Jazz, film, and improvised culture.
Inside Men: Dramaville Goes Noir
matter. A cash-processing depot manager
is put through the wringer by his superiors for the occasional irregularity in
his accounts, but if an armed robber sticks a gun in his face, they will grant
him time-off and provide counseling. If
he is ever going to steal from the apparently impenetrable Larson House, he
ought to do it in a big way. That is
pretty much his plan in the four-part Inside Men (promo
premieres this Wednesday on BBC America’s Dramaville
unassuming John Coniston is like a Bob Cratchit, promoted to management. He is keenly aware neither his boss nor his
subordinates respect him. When viewers
first meet Coniston, he is having a bad day.
Masked gunmen are forcing him to open the vault, while an accomplice
holds his wife and newly adopted daughter hostage. However, there is more to this story, as the
series title ought to indicate.
Coniston is in on it, but there are complications he never anticipated. Having caught his chief security guard Chris
Lebden and loading dock worker Marcus Riley skimming mere tens of thousands off
the top, he recruits them for a far more ambitious take: the lot of it.
flashing forward and backwards between the September heist and the planning
stages six months earlier, Inside Men requires
fairly close viewer attention. While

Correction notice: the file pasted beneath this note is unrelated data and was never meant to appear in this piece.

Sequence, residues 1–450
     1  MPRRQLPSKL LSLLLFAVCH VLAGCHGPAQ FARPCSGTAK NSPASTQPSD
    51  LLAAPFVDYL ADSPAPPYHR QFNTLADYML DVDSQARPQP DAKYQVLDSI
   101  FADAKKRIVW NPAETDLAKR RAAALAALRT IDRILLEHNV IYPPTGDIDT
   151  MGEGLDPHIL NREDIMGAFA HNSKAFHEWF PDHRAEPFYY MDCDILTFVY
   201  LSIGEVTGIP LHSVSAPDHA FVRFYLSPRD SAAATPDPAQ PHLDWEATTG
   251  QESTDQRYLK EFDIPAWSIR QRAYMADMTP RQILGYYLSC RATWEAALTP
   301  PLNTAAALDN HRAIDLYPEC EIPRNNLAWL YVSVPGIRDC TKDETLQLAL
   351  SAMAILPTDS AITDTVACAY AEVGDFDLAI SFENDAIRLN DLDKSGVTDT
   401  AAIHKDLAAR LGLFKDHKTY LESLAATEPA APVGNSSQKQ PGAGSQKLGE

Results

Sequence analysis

there is plenty of skullduggery afoot, it is really more of a dark character
study. Writer Tony Basgallop and
director James Kent show us step by step how it all goes down, twisting viewer
assumptions here and there along the way.
deceptively bland Coniston is clearly the key piece to the conspiracy. Steven Mackintosh convincingly sells his burgeoning
empowerment as a criminal mastermind. Indeed,
some of his best scenes involve the grudgingly respectful relationship he forges
with Kalpesh, the purveyor of criminal support services reluctantly brought
into the scheme. Though his character
arc is quite intriguing, it is still hard to believe Coniston would put his
family through such trauma, despite the safeguards he puts in place.
Riley, fellow Luther alumnus Warren
Brown makes a credible enough good-time knucklehead, while emerging UK TV star
Ashley Walters is appropriately intense as the conflicted Lebden. However, the most invigorating supporting
turn might come from Irfan Hussein, playing Kalpesh with icy flair.
Inside Men could well be
too cold-blooded and intricately pieced together for fans of cozier British
mystery television. Unabashedly
naturalistic in its depiction of human nature, it definitely follows in the
tradition of more fatalistic film noir. Even
though it ends on a bit of a flat note, it is smart television, keeping a fair
amount of surprises in store for engaged audiences. Recommended for those who enjoy a dark
criminal yarn, Inside Men begins this
Wednesday (6/20) and concludes July 18th (skipping the Independence
Day), on BBC America.
Labels: BBC America, Inside Men